Part-time award-holders receive a maintenance grant at levels that are pro-rata to their time commitment, which is usually 50%.

How to apply

Apply for a PhD place . . .

  1. Get in touch with staff at one of the Design Star universities to discuss your research area and proposed topic.
  2. Submit an online application form for a PhD place at one of the Design Star universities. This will include your research proposal and you will need to attach electronic copies of documents such as your academic transcripts. References will also be required. University of Brighton Goldsmiths Loughborough University The Open University University of Reading

… and apply for Design Star funding

  1. Apply for Design Star studentship funding by filling in the Design Star application form. Send this, and a one page CV, as a PDF to the Design Star contact in the university to which you have applied, and also to Polly Harte, the Design Star Administrator.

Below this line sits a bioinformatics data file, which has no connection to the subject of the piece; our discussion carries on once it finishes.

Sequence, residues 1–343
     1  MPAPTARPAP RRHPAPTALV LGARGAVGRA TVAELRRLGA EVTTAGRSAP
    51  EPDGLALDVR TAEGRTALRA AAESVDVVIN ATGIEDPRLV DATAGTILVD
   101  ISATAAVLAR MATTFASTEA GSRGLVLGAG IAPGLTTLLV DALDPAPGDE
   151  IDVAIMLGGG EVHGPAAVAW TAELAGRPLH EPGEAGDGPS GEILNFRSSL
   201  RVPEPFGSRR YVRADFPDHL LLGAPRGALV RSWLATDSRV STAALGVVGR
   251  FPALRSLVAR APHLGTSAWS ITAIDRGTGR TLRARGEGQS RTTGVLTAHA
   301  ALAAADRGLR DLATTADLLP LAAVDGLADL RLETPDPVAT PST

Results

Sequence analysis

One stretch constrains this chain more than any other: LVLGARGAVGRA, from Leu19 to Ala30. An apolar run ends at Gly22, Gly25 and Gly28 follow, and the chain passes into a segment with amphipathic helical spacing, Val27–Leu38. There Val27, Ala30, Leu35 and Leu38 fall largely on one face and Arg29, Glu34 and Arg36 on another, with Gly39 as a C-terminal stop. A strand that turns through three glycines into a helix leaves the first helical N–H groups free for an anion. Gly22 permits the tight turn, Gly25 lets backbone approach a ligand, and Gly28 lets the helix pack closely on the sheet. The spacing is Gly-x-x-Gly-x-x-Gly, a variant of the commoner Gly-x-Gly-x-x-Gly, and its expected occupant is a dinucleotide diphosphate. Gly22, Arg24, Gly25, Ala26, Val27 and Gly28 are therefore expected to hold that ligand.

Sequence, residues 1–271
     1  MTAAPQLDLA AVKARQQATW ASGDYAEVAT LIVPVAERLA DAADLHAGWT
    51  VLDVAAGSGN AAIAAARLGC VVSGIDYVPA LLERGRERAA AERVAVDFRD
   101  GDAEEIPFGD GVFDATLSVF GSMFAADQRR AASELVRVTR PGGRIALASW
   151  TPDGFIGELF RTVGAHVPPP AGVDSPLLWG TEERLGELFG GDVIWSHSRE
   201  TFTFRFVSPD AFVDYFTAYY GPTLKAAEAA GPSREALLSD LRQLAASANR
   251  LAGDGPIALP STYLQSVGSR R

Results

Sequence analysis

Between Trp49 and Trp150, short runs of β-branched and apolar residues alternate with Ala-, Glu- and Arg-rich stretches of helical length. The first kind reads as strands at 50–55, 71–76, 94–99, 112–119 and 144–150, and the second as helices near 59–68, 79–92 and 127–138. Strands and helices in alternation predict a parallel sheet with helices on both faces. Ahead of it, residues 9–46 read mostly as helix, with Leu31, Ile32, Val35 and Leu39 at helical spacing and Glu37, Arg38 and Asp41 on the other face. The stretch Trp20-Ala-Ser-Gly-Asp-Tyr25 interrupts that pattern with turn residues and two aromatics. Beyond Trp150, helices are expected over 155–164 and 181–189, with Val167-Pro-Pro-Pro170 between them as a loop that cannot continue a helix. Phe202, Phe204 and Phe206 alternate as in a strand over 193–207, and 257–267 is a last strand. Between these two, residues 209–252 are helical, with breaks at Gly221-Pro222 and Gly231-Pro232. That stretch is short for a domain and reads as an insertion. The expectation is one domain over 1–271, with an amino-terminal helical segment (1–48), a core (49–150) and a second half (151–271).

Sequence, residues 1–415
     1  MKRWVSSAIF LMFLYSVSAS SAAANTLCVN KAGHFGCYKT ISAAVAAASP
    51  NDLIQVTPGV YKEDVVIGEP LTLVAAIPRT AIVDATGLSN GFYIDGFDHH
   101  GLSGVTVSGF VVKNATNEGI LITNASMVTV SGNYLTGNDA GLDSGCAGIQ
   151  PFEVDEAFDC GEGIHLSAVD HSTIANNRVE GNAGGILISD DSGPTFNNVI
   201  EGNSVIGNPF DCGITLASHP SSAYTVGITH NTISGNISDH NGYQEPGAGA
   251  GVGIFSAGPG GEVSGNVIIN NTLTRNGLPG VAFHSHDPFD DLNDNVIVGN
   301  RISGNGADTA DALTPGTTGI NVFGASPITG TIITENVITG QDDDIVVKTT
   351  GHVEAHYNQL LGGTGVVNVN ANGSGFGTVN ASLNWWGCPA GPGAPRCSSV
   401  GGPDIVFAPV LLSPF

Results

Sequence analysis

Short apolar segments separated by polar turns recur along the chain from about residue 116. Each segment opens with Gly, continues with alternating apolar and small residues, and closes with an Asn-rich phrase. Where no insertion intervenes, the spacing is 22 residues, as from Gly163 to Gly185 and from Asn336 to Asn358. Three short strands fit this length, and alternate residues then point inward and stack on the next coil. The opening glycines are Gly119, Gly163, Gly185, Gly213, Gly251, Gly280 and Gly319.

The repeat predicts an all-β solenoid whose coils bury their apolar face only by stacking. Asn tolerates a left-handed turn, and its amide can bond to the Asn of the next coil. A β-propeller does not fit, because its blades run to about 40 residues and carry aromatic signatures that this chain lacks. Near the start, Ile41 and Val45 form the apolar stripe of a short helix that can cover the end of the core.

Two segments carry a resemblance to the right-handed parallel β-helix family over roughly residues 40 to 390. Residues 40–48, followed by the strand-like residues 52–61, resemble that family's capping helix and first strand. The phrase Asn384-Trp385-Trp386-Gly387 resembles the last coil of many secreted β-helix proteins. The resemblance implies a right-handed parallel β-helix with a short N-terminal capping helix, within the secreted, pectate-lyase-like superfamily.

2. If your application for a PhD place is accepted by the University you will told that you have been offered a place, and you will be entered for the Design Star studentship competition automatically.

How we choose Design Star students

At a special meeting, members of the Design Star consortium will consider your application for a PhD place and your Design Star studentship application against the following criteria:

  1. The originality, quality and practicality of the proposed research project, and the contribution it is likely to make to advancing the discipline (evidenced by the proposal and the references);
  2. The extent to which the project provides scope for a student to develop a range of subject specific and generic skills;
  3. The fit between the applicant, the proposal and the aims and objectives of Design Star.

The scores for each candidate will be used to form a ranked list. We will allocate studentship funding (from AHRC and university match funding) starting at the top of the list and will continue down the list until the funding runs out. A reserve list will then be made.

If you are successful in the studentship competition you will receive a formal offer of funding from the Design Star administrator.

The content and structure of the proposal will inevitably vary depending on the discipline area and the nature of the project you wish to pursue.

The general guidance, and suggested headings, provided here should help you to structure and present your ideas clearly in your proposal.